Last week on Wednesday I made my epassport application for a lost passport, three days after the CS Interior Fred Matiangi announced that all ePassport Applications must go hand in hand with an epassport Appointment. The ePassport Appointment works like this – you make your epassport application on the eCitizen Portal (see this article for application procedure), then you book a location, date, and time for where and when your epassport application can be processed. I booked for my appointment to be today at 11 AM at Nakuru Immigration Office.
This is what I expected when booking my appointment – That the System knows the maximum number of people who can be served within one hour, so that only the maximum number of people who can be served within that hour were being allocated a particular time (of one hour duration) as their booking time.
For example, during my whole day stay at the immigration office in Nakuru, when the system was working optimally, I calculated that on average one person took about ten minutes between walking into the counters and walking out. The number of counters that were serving people were two, meaning the office is capable of serving 12 people per hour. For an optimal figure therefore and to maximize on human resource, the office should be able to serve 15 people in one hour.
It is therefore doesn’t take magic for one to reason that a working booking process ought to allow only 15 people to book to be served within one hour, such that once the 15 slots are taken up, that particular hour becomes unavailable for booking.
If this was the case, then you’d expect no more than 30 people waiting on the queue to be served at any particular time. I think I was giving the Kenyan government way too much credit. When arrived at the immigration office, I found that there were no less than one hundred people waiting to be served between 11 AM and 12 PM. To make matters worse, the office started working at 10:30 AM, with the excuse being that the epassport system had been down since Friday afternoon. This, they said, led them to pushing forward the services of those who were to be served on Friday afternoon to Monday morning (who were served between 10:30 AM and 11 AM), then those who had book to be served at 9 AM were served at 11 AM, those who had booked to be served at 10 AM were served at 11 AM, and those like me who had booked to be served at 11 AM were not served, thanks to the system breaking down again just as the staff went for lunch.
The failure of the system forced me to reschedule my appointment to tomorrow 9 AM, after wasting a whole day standing in the queue between 11 AM and 4 PM. I hadn’t taken any breakfast, and of course I couldn’t risk breaking for lunch.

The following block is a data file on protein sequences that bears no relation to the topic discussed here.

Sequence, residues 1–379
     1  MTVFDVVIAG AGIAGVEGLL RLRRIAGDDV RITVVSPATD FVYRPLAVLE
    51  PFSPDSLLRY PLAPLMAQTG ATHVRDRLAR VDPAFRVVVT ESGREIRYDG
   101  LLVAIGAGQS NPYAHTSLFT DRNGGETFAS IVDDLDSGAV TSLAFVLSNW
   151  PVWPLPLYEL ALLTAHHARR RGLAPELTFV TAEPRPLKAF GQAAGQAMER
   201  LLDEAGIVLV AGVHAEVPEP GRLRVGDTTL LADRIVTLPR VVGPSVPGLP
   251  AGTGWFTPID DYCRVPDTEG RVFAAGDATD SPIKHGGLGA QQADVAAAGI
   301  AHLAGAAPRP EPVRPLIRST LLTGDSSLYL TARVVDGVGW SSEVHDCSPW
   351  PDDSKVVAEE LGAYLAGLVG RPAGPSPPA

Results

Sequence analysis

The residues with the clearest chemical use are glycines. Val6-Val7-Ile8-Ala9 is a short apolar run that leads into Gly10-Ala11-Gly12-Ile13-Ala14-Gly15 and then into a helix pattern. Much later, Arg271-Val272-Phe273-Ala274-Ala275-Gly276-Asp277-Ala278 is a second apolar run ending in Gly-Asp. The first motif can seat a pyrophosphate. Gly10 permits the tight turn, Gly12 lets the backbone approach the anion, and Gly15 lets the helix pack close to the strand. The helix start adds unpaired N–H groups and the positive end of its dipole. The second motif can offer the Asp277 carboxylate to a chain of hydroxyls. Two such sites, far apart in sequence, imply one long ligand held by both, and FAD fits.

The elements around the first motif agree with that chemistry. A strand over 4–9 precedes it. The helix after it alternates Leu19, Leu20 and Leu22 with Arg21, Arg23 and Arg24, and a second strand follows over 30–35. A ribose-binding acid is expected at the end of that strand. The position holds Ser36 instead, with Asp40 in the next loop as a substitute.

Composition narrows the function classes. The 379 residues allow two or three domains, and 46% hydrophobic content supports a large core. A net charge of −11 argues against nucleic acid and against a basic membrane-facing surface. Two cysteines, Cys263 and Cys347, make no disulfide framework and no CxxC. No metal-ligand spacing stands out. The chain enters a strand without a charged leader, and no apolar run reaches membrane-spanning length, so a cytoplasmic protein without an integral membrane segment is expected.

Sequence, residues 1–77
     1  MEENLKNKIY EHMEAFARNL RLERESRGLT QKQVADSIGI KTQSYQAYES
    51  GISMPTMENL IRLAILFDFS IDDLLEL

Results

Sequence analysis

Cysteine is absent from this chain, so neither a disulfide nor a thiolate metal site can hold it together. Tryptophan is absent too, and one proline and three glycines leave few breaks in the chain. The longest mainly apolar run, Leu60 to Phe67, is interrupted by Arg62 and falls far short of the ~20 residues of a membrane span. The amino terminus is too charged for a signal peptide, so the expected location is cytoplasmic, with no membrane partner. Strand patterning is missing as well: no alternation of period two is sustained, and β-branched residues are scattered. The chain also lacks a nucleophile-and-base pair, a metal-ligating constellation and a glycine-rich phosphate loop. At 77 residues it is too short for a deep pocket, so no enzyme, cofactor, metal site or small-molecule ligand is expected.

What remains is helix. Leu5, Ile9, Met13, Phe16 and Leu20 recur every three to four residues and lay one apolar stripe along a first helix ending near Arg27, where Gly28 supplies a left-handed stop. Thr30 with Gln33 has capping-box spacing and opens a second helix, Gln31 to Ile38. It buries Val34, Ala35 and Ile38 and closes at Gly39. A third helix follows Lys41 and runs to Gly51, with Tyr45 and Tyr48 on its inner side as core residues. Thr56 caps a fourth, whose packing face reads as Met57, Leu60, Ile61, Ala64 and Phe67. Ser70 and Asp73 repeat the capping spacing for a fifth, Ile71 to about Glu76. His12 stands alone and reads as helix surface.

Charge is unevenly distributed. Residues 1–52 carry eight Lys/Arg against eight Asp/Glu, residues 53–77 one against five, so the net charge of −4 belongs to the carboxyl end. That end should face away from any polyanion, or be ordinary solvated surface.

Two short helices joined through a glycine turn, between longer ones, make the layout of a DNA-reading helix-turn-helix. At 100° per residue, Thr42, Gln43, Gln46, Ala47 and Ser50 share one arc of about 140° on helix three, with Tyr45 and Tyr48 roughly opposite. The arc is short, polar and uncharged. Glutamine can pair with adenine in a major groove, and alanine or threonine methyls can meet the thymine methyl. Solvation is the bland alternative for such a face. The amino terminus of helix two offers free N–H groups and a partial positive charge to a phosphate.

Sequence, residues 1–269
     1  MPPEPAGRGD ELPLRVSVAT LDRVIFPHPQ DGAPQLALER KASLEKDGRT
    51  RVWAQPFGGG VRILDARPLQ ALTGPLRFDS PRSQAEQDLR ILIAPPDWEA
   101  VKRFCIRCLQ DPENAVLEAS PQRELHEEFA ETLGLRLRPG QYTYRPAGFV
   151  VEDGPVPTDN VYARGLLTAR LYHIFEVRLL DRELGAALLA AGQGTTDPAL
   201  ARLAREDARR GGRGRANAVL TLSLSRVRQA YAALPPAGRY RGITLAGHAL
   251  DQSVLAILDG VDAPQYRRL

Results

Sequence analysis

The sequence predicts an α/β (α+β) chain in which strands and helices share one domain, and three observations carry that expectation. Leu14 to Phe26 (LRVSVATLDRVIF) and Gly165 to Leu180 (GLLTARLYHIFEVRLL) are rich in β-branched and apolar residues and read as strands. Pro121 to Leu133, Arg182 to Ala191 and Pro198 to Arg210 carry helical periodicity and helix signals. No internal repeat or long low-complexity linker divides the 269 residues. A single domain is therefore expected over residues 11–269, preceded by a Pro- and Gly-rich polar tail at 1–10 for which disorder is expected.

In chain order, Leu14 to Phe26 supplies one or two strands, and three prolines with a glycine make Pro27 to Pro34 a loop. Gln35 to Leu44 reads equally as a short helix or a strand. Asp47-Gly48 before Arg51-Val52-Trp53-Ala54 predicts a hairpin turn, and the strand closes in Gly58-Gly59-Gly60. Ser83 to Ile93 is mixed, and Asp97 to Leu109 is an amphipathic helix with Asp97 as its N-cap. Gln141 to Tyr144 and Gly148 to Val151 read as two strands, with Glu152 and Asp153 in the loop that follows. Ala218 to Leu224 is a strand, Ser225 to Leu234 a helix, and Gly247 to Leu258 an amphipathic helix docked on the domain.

This experience reminded me of a recent job interview experience I had with the Kenya Horticultural Exporters. The company had called all job applicants to appear for the interviews at 9 AM, and about 20 people showed up. Given that their waiting bay could only accommodate 4 people at a time, the remaining 16 were asked to bask in the sun outside the dusty gate. Worse still, an interview took an average of one hour per person implying that the last person to be called was to be called after 20 hours. I waited for two hours then walked out.
The interview could have been organized such that each applicant was to be allocated own reporting time; where the first person could have reported at 9 AM, the second at 10 AM, and so forth and so forth – and the interviews could have continued two to three days, and we couldn’t have experienced the mess that we did.
The government of Kenya has done somewhat better with the eppassport appointment, only that it hasn’t considered that maximum number of people that should be allocated per hour. Secondly, where in 2019 do we still have systems failing? Is the government still using the Pentium Computers running on Windows XP instead of Core i7 with Windows 10 on the minimum? This I asked because just before those who had booked their epassport appointment at 11 AM could be served, the server crashed and the restarting of the servers took way longer than the entire afternoon.
Those of you who work or know those who work at the ICT Ministry (I hope the ministry is in charge of all government’s ICT Infrastructure in all ministries), can you give the ICT CS and his PS free ICT pro bono advice?